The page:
My favorite part of being an intern at Higgins is getting to digitalize their extensive Archive Photo collection. It's given me this great window into local history, the Higgins Family, and how the museum really came to be. It also reaffirmed to me that working in archives would be something I'd like to do some day, handling these source materials and learning from them has been really fun.
So how did Higgins Armory get its start? It all started with this tyke:
John Woodman Higgins, pictured here around 1880 with his sister, who clearly blinks too much. This kid went from being your average kilt enthusiast to one of the wealthiest tycoons the city of Worcester ever built. He graduated from WPI, and became the founder of Worcester Pressed Steel at the age of 31. From there he nursed his unhealthy obsession with steel, but that's a story for another time.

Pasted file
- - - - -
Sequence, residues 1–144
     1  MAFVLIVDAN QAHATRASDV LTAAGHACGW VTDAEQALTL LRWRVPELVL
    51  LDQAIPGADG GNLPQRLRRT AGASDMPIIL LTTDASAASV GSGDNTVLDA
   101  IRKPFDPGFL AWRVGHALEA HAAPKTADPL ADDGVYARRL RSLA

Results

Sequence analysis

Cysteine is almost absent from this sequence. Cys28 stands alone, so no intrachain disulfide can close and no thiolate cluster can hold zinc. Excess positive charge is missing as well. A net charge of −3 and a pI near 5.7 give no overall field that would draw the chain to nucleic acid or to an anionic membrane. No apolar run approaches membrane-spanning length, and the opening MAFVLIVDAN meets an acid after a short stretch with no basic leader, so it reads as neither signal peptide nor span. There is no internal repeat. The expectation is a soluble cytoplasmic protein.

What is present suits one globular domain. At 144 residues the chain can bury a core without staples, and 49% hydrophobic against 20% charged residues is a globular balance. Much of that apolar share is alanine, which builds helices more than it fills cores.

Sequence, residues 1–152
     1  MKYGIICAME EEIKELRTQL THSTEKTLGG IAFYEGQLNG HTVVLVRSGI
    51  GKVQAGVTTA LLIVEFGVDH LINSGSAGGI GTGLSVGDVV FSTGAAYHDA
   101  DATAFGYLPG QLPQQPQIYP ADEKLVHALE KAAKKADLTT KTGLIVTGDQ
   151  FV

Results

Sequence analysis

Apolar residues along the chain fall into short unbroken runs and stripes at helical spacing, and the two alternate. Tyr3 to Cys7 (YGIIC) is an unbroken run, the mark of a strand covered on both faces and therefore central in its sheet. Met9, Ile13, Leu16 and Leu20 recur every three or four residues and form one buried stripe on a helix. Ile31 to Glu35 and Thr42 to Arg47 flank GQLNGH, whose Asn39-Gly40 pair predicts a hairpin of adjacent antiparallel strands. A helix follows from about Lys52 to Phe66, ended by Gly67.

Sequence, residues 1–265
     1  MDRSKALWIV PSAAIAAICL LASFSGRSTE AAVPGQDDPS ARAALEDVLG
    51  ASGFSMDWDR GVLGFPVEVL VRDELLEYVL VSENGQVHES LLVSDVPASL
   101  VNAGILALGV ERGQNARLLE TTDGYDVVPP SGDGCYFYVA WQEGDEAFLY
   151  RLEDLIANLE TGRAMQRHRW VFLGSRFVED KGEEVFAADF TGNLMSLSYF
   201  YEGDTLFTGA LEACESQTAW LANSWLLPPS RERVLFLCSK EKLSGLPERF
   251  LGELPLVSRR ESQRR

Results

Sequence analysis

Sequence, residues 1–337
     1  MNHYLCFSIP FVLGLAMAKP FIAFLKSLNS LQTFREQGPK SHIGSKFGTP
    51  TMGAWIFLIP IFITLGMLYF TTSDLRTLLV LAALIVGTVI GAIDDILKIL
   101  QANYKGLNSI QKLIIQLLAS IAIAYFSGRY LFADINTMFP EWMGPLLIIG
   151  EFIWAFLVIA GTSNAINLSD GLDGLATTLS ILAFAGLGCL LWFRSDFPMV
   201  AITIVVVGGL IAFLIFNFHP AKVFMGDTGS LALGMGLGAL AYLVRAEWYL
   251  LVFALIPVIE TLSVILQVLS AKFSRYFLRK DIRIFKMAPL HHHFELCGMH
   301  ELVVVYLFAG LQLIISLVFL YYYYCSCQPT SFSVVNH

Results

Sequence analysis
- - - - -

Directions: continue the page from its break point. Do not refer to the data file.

What's really cool is Worcester Pressed Steel was a burgeoning company right around the turn of the century. You know what that means:
Ladies in the puffy-sleeves-plus-cameo-brooch look that just screams suffragette! Also waistcoats on dandies and a monster manual typewriter. I think it's neat though that they do seem to have some sort of electricity going, based on the haphazard wires criss-crossing the ceiling. Maybe with them being a big industrial business though, that's kind of a given. It wasn't until I wrote this that I realized I don't know much at all about the history of the electric utility.
I fell in love with this picture, there are so many neat details. This guys moustache screams "middle management". But what's up with overflowing wastebasket under the desk? And the bizarre saw in the corner. What's the deal with this guy?
So you can see, things started pretty simple for JW and company, but it didn't stay that way. Next time: WW2 takes things up a notch.